Thursday, December 20, 2012

Not borked

One political fight from the Reagan years that still resonates was the battle to prevent Robert Bork from becoming a justice on the US Supreme Court. To this day, conservatives consider Bork, who died Wednesday (US time), as a sort of martyr. To those on the centre and left who fought his nomination, as I did, he was a divisive symbol of conservative judicial activism.

When Bork was nominated, I was a board member of the Illinois Gay and Lesbian Task Force, the state’s only statewide LGBT civil rights group at the time. I was becoming increasingly active on federal issues, and the Bork fight was one of the first I took on.

I received an anti-Bork flyer from some group—I forget which one, though at the time I knew—and I adapted it for our group. That flyer is in the photo with this post (click to embiggen). That same, October 1987 newsletter, contained an article I wrote titled “Bork Battle Begins” (then as now, I liked alliteration in titles). Here's that story:
Beginning what some are calling the most important civil rights battle since the 1960s, the US Senate Judiciary Committee has opened hearings on the nomination of Robert Bork to the US Supreme Court. In his opening statement, Bork declared that his philosophy of judging is “neither conservative nor liberal,” but based on a responsibility “to discern how the (Constitution’s) framers’ values, defused in the context of the world they knew, apply to the world we know.”

Bork’s belief in “original intent” means, among other things, that he doesn’t believe in a Constitutionally protected right to privacy—especially for lesbian and gay people. As a Court of Appeals judge in the District of Columbia, Bork ruled that “it (is) impossible to conclude that a right to homosexual conduct is ‘fundamental’ or ‘implicit’ in the concept of ordered liberty” (Dronenburg v Zech et al.). He has also spoken and written disparagingly of the rights of women and blacks. His more moderate tone before the Senate Judiciary Committee has led some Senators to wonder which is the real Bork, and they have begun referring to Bork’s “confirmation conversion”.

Meanwhile, organizations around the country, and Illinois, have called for the rejection of Bork’s nomination. The Illinois Gay and Lesbian Task Force recently joined other groups in a meeting with assistants to US Senator Alan Dixon (D, Illinois), in an effort to persuade Dixon to oppose the Bork nomination. Dixon’s staff was non-committal, but on Monday, September 14, the Chicago Sun-Times reported that Dixon was leaning toward approval of Bork. Though Dixon’s office denied the report, Dixon’s often conservative voting record in the Senate suggests that his vote is highly questionable.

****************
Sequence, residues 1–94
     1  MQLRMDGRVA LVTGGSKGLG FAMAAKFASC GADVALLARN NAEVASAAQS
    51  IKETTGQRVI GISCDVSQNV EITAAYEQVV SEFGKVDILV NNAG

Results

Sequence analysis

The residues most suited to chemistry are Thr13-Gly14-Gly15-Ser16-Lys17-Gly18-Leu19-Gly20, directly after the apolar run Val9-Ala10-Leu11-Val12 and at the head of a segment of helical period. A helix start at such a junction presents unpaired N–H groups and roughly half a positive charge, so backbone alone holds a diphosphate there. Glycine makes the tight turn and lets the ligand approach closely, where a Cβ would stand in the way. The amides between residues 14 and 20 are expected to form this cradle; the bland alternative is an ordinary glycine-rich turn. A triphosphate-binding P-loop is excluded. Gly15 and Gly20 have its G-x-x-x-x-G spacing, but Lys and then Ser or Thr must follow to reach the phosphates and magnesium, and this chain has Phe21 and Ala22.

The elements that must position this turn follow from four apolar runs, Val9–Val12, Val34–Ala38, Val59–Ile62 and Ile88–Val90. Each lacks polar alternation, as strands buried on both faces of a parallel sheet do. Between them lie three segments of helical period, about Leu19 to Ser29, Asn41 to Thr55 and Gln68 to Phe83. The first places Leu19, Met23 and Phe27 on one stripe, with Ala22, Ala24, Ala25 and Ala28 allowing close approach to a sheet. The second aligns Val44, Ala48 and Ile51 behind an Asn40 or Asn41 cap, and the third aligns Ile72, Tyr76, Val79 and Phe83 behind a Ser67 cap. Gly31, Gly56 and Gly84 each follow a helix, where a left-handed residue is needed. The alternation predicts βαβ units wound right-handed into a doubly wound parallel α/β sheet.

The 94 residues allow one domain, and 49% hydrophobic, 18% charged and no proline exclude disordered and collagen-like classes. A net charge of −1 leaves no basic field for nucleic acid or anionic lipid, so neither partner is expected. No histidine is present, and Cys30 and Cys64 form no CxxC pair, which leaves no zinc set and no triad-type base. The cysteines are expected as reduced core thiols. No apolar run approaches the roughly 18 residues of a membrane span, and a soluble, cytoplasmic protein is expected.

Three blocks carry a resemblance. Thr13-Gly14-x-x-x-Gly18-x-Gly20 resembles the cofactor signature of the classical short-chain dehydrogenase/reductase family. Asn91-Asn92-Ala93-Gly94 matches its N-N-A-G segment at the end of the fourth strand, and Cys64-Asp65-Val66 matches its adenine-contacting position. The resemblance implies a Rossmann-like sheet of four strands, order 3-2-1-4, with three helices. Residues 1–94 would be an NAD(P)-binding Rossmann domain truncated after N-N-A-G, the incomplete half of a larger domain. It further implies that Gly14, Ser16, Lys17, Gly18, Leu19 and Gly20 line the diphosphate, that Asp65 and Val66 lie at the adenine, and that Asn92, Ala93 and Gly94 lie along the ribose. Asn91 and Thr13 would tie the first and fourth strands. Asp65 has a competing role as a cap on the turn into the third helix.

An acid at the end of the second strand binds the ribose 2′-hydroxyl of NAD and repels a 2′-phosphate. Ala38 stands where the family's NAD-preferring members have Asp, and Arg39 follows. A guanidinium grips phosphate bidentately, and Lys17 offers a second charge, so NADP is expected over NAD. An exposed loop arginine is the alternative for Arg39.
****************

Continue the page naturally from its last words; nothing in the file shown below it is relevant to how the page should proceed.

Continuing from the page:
US Senator Paul Simon, Illinois’ other Senator, has expressed reservations about Bork. But Simon is a Democratic presidential candidate, and his final vote is uncertain.

The Illinois Gay and Lesbian Task Force is urging all of its members and supporters, and everyone who believes in “Justice for All”, to phone and write to Senators Dixon and Simon. Say YES to justice by saying NO to Bork!
The first thing I must say about that is that I certainly wouldn’t write that way now. But, that was 25 years ago and a lot has changed, including me. It was also intended as political speech for our organisation, and not as objective reporting.

Ultimately, of course, Bork’s nomination was rejected. On October 6, 1987, the Senate Judiciary committee voted 9-5 to reject the nomination, making rejection by the full Senate inevitable. On October 23, 1987, the Senate voted 58-42 against confirmation. Both of the US Senators from Illinois at that time, Alan Dixon and Paul Simon, voted to reject the nomination. The chair of the Judiciary Committee was Joe Biden, who is now Vice President. When Bork’s nomination was rejected, the replacement nominee was Anthony Kennedy who was far less rigidly conservative than was Bork.

There’s one odd aside I learned just today, that the word bork was given a specific meaning I’d never heard: "To defame or vilify (a person) systematically, esp. in the mass media, usually with the aim of preventing his or her appointment to public office; to obstruct or thwart (a person) in this way." That definition was clearly coined by conservatives. The reason it surprised me is that I’d always heard that slang term used as a synonym for broken, as in, “his TV is totally borked.”

On October 11, 1987, not even two weeks before Bork’s nomination was rejected by the Senate, several hundred thousand people took part in the “March on Washington for Lesbian and Gay Rights”. I was there. One of our chanted slogans was “Bork Bork!” and that usage meant, fairly obviously, “reject”.

Nothing has happened in the 25 years since those days to change my opinion of Bork, or what a disaster it would have been for the US if he’d actually made it to the US Supreme Court. But other disasters—Scalia, Thomas, Alito—did make it through. Still, the US is lucky that so many of us stood up for what was right and prevented Robert Bork from borking the US Constitution (there, that word back in its correct usage).

The flyer pictured above, and the text of the newsletter article I've reprinted, are from the Illinois Gay and Lesbian Task Force Monthly Bulletin, Volume 1, Number 4, October, 1987. It is from my personal archives.

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